Why Ancient Romans Used Crucifixion As Punishment

Imagine, for a moment, you were sentenced to death in Ancient Rome (tough break, no question). If you were lucky, your death might be swift — maybe you'd be beheaded, or thrown from a cliff like the Tarpeian Rock (via Atlas Obscura). But if you were convicted of a particularly heinous crime, especially if you were not a Roman citizen, you might be drowned in a river, buried alive, torn up by wild beasts, or, worst of all, crucified (per BBC and The Conversation).

Crucifixion was used as punishment for crimes that the Roman Empire considered dangerous. In particular, this meant political crimes against the state, which is how Romans likely interpreted the words of its most famous crucified prisoner, Jesus of Nazareth, who reportedly referred to himself as King of the Jews (via PBS). This is because crucifixion was an extremely visible and humiliating way to die.

"[This] sent a very powerful message to everybody else in those quarters that if you do or even think about doing what this guy's accused of having done, you, too, can wind up this way," said Harvard Divinity professor Allen D. Callahan to PBS, "and it was very effective; excruciating, perhaps the most excruciating form of capital punishment that we know."

The horrors of crucifixion: A long, painful, mortifying death

Before crucifixion, most prisoners were first scourged, for which they were stripped naked, tied to a post, and whipped bloody, according to Live Science. This part was often so brutal that some prisoners died before the actual crucifixion. Romans then forced prisoners to carry their own crosses to the site of their execution. At this point the prisoners were crucified, during which their hands or wrists and feet were either nailed or tied to the cross — either would eventually result in their death due to asphyxiation.

The condemned prisoners were crucified in public, while completely naked (via The Bart Ehrman Blog). While they waited on the cross to die — which could take up to four agonizing days — Roman guards could further torture them, perhaps in an attempt to get them to die faster, since the guards weren't allowed to leave their watch until the crucified prisoners had died, according to the National Library of Medicine.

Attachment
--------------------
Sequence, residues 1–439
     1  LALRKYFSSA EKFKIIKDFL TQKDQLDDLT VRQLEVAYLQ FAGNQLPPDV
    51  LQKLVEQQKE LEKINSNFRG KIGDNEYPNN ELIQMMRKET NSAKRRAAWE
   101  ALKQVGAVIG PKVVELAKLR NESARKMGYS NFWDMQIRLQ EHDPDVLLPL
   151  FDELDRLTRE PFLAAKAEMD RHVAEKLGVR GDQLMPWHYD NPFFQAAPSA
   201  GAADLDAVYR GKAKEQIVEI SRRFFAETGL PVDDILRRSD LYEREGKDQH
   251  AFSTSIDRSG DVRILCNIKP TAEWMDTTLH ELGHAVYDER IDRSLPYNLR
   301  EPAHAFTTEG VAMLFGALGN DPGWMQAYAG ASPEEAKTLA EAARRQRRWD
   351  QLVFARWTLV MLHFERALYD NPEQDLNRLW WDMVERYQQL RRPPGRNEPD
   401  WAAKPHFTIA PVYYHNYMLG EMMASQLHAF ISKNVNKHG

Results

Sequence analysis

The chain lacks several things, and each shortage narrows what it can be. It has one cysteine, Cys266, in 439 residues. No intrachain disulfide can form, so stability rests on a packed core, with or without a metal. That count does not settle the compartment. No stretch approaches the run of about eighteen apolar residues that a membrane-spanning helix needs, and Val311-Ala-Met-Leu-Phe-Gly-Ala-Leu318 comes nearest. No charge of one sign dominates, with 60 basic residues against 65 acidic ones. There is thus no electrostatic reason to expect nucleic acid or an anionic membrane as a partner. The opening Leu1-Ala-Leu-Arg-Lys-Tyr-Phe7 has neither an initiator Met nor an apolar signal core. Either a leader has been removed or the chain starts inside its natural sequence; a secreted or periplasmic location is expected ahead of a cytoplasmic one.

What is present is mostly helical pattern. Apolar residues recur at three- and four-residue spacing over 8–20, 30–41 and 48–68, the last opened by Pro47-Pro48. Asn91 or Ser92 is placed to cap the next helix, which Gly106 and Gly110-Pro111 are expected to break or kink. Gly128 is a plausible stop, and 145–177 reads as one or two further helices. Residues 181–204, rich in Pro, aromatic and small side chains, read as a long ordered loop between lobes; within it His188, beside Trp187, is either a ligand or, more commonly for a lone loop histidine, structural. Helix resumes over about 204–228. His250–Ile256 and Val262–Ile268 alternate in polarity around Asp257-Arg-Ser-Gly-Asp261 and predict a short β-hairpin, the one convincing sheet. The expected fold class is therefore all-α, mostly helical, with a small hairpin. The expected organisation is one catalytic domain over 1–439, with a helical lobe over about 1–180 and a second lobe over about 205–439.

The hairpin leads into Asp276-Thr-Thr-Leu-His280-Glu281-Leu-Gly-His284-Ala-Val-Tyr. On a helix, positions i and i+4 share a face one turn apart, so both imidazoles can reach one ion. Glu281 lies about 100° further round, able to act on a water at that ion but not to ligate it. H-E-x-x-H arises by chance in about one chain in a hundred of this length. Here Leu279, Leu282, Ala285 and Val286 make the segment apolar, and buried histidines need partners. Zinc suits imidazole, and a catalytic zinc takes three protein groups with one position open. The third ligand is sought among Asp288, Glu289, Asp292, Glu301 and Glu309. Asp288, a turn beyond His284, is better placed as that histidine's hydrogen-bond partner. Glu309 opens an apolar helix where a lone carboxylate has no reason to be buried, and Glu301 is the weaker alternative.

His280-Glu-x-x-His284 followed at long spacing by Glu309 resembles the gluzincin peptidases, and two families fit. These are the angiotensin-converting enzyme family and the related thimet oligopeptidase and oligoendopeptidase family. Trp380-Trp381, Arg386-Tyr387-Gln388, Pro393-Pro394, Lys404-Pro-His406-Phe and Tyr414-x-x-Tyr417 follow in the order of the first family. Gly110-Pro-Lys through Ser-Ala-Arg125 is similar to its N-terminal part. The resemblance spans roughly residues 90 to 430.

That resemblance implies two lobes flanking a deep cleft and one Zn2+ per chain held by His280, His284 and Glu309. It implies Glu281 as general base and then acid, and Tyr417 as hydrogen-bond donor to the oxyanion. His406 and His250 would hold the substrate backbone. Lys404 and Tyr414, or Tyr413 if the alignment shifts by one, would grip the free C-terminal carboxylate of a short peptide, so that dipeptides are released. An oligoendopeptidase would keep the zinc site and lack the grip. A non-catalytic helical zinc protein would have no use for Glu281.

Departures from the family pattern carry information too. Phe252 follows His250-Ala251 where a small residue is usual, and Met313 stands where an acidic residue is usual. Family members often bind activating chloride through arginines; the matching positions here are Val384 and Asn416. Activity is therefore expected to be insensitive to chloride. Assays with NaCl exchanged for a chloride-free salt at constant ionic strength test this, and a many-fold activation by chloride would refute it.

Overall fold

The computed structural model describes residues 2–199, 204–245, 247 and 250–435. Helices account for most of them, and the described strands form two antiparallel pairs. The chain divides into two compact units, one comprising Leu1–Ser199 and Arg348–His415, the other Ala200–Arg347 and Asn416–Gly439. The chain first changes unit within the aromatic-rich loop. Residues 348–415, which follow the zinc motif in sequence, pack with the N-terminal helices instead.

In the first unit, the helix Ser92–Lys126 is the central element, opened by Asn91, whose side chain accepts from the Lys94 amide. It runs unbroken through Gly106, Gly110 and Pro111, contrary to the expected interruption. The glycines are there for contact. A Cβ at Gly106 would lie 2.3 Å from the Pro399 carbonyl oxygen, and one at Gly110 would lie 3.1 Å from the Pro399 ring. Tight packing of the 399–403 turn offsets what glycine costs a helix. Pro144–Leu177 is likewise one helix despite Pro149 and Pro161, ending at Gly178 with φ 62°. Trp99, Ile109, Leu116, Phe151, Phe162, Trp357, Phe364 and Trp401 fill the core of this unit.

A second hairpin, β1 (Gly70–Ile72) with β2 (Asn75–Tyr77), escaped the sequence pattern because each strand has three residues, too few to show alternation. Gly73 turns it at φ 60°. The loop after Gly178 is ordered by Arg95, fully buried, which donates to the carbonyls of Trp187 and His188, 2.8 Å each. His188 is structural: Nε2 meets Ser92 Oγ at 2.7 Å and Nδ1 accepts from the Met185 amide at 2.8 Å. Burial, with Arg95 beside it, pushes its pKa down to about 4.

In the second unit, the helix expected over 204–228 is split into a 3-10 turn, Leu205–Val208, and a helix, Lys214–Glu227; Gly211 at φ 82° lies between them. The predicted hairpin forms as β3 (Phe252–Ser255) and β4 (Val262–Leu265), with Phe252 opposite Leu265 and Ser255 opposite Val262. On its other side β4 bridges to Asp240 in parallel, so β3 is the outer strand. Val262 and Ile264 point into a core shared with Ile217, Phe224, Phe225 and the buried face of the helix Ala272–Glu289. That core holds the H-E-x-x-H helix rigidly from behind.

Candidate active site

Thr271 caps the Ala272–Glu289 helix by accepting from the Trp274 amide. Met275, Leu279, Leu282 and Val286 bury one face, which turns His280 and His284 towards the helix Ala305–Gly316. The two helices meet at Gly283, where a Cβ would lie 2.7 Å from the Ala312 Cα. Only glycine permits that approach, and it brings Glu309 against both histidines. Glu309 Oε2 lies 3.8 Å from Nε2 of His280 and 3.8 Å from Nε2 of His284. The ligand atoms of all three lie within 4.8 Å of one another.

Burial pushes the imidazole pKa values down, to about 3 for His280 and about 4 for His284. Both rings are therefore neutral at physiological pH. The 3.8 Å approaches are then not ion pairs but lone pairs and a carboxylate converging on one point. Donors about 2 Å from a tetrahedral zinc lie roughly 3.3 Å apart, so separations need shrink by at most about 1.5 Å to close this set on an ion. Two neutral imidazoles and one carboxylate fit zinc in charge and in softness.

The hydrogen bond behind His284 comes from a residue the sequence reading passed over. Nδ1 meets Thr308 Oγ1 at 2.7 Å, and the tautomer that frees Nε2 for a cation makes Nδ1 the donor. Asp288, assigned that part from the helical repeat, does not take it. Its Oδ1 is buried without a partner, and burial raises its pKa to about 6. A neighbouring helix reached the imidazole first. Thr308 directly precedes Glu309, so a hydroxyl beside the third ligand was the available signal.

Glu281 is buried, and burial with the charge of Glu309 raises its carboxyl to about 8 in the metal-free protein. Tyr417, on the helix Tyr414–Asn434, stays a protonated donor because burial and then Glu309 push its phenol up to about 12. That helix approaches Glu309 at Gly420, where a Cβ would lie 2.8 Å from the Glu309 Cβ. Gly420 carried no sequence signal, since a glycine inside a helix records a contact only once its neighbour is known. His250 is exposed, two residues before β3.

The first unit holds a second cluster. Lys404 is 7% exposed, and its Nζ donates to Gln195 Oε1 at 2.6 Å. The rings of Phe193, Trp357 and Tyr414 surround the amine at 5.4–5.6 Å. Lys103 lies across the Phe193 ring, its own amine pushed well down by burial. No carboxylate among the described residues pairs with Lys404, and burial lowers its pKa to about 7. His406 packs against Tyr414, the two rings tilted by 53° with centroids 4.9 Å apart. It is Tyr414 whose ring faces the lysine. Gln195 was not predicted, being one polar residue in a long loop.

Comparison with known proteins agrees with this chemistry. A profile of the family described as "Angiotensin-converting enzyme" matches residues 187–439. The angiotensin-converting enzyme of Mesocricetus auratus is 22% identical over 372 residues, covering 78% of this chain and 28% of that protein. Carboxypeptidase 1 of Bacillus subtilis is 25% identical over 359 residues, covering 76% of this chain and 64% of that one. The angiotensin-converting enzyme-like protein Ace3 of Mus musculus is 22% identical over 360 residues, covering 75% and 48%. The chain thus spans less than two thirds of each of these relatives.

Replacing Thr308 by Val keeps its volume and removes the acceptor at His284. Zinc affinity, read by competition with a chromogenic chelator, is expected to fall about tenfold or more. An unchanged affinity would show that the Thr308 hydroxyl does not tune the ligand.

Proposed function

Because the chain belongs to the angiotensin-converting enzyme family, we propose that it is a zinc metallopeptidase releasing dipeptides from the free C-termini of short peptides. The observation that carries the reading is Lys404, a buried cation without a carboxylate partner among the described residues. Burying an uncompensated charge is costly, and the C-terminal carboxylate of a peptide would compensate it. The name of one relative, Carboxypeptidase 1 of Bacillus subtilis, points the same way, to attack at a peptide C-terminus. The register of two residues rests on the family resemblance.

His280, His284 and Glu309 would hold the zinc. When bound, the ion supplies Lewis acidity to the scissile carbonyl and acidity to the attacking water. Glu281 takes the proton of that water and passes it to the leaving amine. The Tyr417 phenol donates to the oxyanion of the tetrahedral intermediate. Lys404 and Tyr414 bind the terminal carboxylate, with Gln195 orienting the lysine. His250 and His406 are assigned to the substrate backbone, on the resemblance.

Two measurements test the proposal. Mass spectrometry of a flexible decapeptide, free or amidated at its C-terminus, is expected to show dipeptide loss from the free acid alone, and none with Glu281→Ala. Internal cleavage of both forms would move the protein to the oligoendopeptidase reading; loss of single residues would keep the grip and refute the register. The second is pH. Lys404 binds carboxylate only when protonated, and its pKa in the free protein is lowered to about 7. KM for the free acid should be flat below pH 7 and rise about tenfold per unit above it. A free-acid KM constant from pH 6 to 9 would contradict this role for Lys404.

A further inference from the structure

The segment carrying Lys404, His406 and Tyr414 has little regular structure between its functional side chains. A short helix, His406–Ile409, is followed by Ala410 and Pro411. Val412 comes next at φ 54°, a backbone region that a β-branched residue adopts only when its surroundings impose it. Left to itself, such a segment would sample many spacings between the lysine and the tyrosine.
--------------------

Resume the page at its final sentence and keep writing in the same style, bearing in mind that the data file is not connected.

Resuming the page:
The final humiliation and the end of (Roman) crucifixion

After the crucified prisoners finally perished — due to hemorrhage, dehydration, asphyxiation, or one of the numerous other side effects of their torture — their bodies were left on the cross to rot in the sun and be picked at by animals. Only days later would Romans take the bodies down from their crosses for disposal, throwing the corpses in a pit with other executed prisoners. In fact, Professor Bart Ehrman, the University of North Carolina professor and the author of "How Jesus Became God," believes this is ultimately what happened to Jesus' body, rather than the entombment described in the Bible.

The Roman Empire did eventually outlaw crucifixion almost 300 years after Jesus' death. Emperor Constantine the Great (above) abolished the practice after his conversion to Christianity (via Britannica). Crucifixion didn't end there, however. In the 16th and 17th centuries, the torturous method of capital punishment was used in Japan, and it persisted in that culture to the point where there are several instances of Japanese soldiers crucifying enemy combatants during World War II (per the BBC). And in Saudi Arabia, a version of crucifixion — in which, after a condemned person is beheaded, their body is hung and displayed — exists today.